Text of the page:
The Rally for Medical Research is a truly inspiring event that was established in 2013. Held every September, this event organized on Capitol Hill continues to grow, bringing together national organizations and people in support of Medical Research. The purpose of the rally is to call on the nation’s policy makers to make research funding for the National Institutes of Health (NIH) a national priority and raise awareness about the importance of research funding.
This year, I had the opportunity to attend the Rally and share my own story with top IL policy makers on behalf of the Biophysical Society. The Rally brought together medical doctors, scientists, patients, and organizations to lobby for robust, sustained, and predictable funding for the NIH by increasing the current budget by 2 billion dollars for fiscal year 2018 and to ask Congress to increase the budget caps on non-defense discretionary spending that were imposed by the Budget Control Act of 2011.
I went to the rally as a former research scientist in order to speak out for the early career scientist that are and will be affected by sequestration. I, myself, was a scientist affected by this – having studied and worked in multiple labs that struggled to maintain their funding. As a result, I had to make a difficult decision for myself: to continue on in a field that does not seem to value me or to move on to something that will. I chose the latter. While meeting with the Senate and Congress Houses for my state, I was able to relay to key policy makers how sequestration and cutting the NIH budget affect scientists, like myself, and how many of us have already responded: scientists may leave, many of us already have; whether that be moving to the private sector moving to countries that have sustained funding. This also dissuades students from ever entering the field.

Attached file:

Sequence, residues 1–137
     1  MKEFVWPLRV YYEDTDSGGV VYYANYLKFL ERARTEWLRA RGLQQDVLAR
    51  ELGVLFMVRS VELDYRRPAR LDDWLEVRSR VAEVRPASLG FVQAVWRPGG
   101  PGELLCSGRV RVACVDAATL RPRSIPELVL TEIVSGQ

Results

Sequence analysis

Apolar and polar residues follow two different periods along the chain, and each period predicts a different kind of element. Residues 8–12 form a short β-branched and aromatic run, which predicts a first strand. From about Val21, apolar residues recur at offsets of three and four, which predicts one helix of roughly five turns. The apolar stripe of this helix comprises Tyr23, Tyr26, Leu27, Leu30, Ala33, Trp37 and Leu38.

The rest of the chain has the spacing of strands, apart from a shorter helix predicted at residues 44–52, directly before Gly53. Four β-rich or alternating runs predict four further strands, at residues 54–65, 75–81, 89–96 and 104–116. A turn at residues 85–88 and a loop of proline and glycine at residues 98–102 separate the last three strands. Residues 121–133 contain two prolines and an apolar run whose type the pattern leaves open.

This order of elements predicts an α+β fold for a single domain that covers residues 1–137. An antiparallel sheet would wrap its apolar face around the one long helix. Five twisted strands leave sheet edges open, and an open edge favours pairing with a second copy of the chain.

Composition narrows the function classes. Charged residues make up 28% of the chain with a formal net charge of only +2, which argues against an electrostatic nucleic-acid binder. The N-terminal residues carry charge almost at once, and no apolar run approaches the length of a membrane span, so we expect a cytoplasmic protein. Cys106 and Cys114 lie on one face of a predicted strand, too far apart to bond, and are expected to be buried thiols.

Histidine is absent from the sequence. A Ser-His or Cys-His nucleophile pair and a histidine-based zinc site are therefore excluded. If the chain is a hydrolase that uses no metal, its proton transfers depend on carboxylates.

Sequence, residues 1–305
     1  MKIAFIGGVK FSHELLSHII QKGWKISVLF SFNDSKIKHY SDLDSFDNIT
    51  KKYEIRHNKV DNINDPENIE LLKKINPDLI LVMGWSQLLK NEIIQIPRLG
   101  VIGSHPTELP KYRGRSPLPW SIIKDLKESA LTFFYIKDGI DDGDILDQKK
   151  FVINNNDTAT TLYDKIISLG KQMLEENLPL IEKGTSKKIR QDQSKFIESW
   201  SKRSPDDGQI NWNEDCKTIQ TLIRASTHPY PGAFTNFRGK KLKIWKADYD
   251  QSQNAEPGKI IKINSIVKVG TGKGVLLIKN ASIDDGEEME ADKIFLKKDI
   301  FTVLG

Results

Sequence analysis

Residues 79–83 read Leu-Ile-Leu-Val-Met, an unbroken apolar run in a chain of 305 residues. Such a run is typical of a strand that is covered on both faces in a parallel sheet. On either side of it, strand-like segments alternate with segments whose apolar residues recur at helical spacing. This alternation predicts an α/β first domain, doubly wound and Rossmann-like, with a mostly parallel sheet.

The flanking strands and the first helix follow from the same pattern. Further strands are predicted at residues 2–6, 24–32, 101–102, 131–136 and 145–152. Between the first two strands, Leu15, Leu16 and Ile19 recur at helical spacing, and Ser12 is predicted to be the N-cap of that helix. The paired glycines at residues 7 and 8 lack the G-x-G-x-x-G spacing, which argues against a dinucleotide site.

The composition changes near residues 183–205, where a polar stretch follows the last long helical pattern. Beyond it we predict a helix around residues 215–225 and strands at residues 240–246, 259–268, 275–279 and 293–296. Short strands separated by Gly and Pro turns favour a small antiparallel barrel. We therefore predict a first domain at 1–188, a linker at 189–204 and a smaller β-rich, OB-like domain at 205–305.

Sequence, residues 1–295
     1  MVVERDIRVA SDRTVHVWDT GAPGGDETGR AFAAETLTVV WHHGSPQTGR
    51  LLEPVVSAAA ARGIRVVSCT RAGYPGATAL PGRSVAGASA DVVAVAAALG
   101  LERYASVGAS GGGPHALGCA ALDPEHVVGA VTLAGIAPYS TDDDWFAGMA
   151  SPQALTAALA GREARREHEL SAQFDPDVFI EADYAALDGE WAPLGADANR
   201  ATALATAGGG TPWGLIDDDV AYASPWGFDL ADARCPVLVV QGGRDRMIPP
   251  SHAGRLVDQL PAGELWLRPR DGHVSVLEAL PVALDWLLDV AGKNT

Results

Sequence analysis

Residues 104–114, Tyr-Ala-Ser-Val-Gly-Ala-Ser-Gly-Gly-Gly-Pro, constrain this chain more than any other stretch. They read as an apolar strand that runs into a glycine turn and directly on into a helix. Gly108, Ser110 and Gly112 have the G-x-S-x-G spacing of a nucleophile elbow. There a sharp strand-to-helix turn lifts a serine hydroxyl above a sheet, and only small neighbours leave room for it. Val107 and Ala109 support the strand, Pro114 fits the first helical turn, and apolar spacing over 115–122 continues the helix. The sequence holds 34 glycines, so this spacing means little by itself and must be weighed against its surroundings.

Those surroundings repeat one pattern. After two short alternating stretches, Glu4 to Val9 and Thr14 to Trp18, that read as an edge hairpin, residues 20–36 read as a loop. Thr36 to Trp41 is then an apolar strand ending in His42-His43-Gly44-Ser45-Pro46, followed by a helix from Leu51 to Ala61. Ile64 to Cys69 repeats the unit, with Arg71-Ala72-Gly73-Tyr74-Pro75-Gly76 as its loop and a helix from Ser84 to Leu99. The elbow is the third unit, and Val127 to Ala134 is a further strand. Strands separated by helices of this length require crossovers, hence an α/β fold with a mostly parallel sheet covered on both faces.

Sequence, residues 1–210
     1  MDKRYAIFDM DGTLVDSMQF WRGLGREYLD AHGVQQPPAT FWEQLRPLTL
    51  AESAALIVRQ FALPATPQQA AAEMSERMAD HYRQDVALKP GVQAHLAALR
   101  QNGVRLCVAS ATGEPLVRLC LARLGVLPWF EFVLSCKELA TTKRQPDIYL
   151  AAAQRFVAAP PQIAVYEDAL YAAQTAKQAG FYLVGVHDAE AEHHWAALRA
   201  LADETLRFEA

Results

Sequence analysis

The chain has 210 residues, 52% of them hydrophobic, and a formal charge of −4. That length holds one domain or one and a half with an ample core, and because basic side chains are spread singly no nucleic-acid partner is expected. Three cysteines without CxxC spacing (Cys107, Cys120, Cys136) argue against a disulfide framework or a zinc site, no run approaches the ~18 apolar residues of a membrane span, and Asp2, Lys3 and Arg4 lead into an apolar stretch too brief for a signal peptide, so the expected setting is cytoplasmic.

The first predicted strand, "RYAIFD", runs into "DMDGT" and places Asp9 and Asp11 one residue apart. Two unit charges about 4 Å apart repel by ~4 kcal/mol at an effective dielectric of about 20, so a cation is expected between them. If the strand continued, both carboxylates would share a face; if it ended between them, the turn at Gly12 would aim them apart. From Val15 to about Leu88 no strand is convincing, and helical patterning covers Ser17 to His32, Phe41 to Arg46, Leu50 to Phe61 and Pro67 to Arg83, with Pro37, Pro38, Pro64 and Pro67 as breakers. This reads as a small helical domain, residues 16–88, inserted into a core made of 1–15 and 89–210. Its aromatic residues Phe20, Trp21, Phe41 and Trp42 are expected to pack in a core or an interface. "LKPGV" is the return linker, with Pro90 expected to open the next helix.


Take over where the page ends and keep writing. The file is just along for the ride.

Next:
Through this experience, myself, a former medical research scientist, I’ve learned a lot, not only about lobbying but also about how politics in general works, and how as a constituent we can instill change. So last week, with my own personal story of the struggles of being a scientists in today’s market, I was able to convey my story along with the story of others (many of us from IL met with policy makers at the offices of congressman to the Senate Offices) with the hopes of reframing how these politicians see current policies involving medical research and helping to convert that idea into the language of government policy. I hope I was able to make a difference and hopefully give a face to the affected scientist.
–Vidhya Sivakumaran, BPS member